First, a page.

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Re: threats to the validity of eyepiece comparison

Started by laservet, 06/19/2006 06:01AM
Posted 06/19/2006 06:01AM Opening Post
With the exception of one review by Jeff Medkeff, all of the eyepiece reviews I've seen are strictly subjective. Since we all use different scopes, different eyes, different brains, and have different biases and expectations, reviews say nothing about how an eyepiece will perform for you. They should be read for entertainment purposes only.

At one time I worked in a lab measuring the thresholds of perception and designing and implementing experiments to measure the effects of bias on perception. I am continually amused to see "reviews" in which people, often experienced people, claim to see differences at a level that is far below anyone's physiological abiliity to detect. Don't underestimate the effect of bias. When it comes to subtle differences, people tend to see what they want or expect to see. It's part of being human, how we make it through the day.

See:

http://www.amazon.com/gp/product/071675715X/103-0128207-3443818?v=glance&n=283155

http://tinyurl.com/mhvut

for an interesting overview of why we see what we see and do what we do.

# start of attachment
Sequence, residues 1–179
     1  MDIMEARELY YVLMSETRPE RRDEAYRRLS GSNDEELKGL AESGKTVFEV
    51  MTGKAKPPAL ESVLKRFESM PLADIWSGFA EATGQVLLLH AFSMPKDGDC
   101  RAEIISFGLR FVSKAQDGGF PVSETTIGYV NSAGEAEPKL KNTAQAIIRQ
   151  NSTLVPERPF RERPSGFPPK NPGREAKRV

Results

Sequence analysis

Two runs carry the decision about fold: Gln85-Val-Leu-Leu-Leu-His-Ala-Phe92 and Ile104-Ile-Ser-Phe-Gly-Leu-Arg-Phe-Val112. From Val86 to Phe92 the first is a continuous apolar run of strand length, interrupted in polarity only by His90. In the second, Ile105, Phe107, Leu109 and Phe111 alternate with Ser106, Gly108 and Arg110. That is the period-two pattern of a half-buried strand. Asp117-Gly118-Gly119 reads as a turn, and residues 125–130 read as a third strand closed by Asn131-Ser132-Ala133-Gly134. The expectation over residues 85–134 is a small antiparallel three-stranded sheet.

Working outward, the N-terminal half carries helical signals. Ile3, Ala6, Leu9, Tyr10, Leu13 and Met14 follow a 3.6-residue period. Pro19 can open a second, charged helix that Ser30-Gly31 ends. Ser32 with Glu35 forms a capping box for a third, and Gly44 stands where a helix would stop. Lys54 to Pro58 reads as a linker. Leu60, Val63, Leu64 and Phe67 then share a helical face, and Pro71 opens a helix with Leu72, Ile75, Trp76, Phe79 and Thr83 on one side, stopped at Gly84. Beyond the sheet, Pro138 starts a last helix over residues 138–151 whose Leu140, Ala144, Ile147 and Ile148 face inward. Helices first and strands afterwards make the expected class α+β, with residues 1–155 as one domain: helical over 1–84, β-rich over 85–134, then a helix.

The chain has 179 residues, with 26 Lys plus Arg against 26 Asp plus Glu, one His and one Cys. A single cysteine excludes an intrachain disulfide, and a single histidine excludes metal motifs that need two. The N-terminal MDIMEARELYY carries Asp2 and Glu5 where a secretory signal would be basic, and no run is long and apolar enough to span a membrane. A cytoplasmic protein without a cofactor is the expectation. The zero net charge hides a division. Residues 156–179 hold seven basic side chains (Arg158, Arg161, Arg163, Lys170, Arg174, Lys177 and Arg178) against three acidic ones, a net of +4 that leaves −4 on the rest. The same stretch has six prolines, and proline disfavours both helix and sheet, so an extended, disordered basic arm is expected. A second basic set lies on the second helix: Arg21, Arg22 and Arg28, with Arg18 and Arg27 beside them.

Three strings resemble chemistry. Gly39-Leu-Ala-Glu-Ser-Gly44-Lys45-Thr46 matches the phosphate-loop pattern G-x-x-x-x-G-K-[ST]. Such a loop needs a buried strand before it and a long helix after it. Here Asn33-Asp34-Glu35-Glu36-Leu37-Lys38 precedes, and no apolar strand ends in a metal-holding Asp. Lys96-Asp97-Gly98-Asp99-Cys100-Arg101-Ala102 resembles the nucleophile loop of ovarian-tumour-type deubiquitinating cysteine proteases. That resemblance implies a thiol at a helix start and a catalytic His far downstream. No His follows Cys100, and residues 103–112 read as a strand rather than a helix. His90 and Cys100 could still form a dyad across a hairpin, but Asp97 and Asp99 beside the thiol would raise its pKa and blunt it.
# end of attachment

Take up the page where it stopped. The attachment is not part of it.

Posted 06/19/2006 06:52AM | Edited 06/19/2006 06:54AM #1
"If I hadn't belived it, I would have never seen it!"

Should we consider all of history just "entertainment?" Afterall, it's just the recordings of observers, with all their subjective biases.

It is impossible to find an observer without bias. Anyone saying they are objective is a bias itself.

To say that the observations of another should be for entertainment purposed only, is just plain wrong (both in the moral and scientific contexts).

If you take a close look at many objective double blind studies done in the research community, you will find the same things, human bias, ignorance of confounding variables (more biasing, both inadvertent and purposeful), and inappropriate extrapolations.

In any review of research or observations of another, the appropriate methodology is for the reader to find the areas which are of pertinence to their inquiery and evaluate that in the context of their need. One must be able to extract that which is needed from the documented observation. This is the key skill. This is how all observations provide value.

All observations are good. None are to be taken as entertainment.